removed the plug at the keel, do you?


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The following was submitted by David Toombs 2014 of Lion Yachts. 

It all started in 1960 when I was in the market for a sailboat in the 35’ range.  I had occasion to be in San Francisco and had heard of a 35’ all teak Arthur Robb designed sloop, the LION class, built by the then unknown CHEOY LEE SHIPYARD of Hong Kong, and which could be seen in Alameda.  The price was right and the quality very high so I ordered one.  On arrival and on closer inspection it seemed even better so I decided to establish a dealership, LION YACHTS.  In the remaining 3 months of the year LION sold out CHEOY LEEs entire production of 25 units of the LION class for that year.  All this before fiberglass.

Subsequently we went on to encourage CHEOY LEE to build in the then new and unfamiliar material now called fiberglass, of which they were well aware as they had engaged in much experimentation and coordination with LLOYDS (Surveyors), to establish a moulding and materials Specification.  As our business continued to prosper we developed more modern designs, the ROBB 35, the 41’ Reliant, and the many Bill Luders designs (LUDERS 36, the CLIPPER series 33,36,42,48’,  OFFSHORE 47), the Ray Richards designs, and lastly the PEDRICK series, (36,38,41,43,47,55).  At the peak of production CHEOY LEE became probably the world’s largest builder of sailing yachts, with worldwide distribution.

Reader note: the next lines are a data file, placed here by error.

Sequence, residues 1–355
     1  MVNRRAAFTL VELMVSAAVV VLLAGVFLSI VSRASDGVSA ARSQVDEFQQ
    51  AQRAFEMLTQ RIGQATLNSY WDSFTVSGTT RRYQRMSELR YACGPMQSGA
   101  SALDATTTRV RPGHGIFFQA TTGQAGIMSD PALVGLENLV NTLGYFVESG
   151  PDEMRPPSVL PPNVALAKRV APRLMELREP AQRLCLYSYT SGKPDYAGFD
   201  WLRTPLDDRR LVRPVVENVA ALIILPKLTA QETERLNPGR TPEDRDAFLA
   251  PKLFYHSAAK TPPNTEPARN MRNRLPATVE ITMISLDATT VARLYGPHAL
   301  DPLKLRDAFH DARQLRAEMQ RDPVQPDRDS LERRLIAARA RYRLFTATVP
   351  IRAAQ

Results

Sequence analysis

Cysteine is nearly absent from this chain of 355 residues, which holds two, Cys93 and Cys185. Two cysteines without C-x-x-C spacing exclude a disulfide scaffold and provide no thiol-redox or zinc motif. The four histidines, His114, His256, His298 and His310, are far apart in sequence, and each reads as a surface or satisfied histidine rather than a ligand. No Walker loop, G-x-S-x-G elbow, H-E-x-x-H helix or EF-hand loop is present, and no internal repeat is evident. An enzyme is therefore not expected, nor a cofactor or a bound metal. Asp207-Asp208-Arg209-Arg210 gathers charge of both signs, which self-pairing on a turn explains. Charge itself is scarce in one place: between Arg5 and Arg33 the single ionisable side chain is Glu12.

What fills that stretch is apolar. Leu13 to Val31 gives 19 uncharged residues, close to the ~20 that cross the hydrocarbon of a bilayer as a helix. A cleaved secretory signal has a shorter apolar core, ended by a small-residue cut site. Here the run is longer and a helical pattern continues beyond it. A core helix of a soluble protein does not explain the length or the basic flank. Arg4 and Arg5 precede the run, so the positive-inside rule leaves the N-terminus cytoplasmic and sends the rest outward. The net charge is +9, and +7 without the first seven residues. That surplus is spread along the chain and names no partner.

Sailboat production at CHEOY LEE ended about 1990 when they elected to expand their very large motoryacht business, now 61’ to 200’, and to increase their ongoing commercial business in steel, aluminum, and fiberglass.  Today CHEOY LEE hull numbers exceed 5,100, and employment is about 1,000.  Since 1962 CHEOY LEE has been a fully LLOYDS APPROVED Shipyard, in all building materials, and in 2006 completed ISO 9001 Certification. 

Here are some of our more interesting Owners of Cheoy Lee’s:

·         The founder of SCHAEFER MARINE Fred Schaefer.

·         The then President of RAYTHEON MARINE

·         Jimmy Buffett, the entertainer.

·         The then Chairman of Admissions at the New York Yacht Club (and at one count 26 other members).

·         Several Commodores of recognized Yacht Clubs: Royal Bermuda, Seawhanaka, Indian Harbor, Stamford, Pequot.

·         Bill Luders himself (considered to be one of the top 3 NA’s of his day).

·         Herb Dow of DOW CHEMICAL

·         Al Merck of MERCK PHARMACEUTICALS.

·         Don McGraw of MCGRAW-HILL

·         Dave Cherubini of CHERUBINI, perhaps the most respected sailboat builder on the East Coast

·         The then owner of DODSONS SHIPYARD, Stonington, CT (refitters of many older CHEOY LEE’S).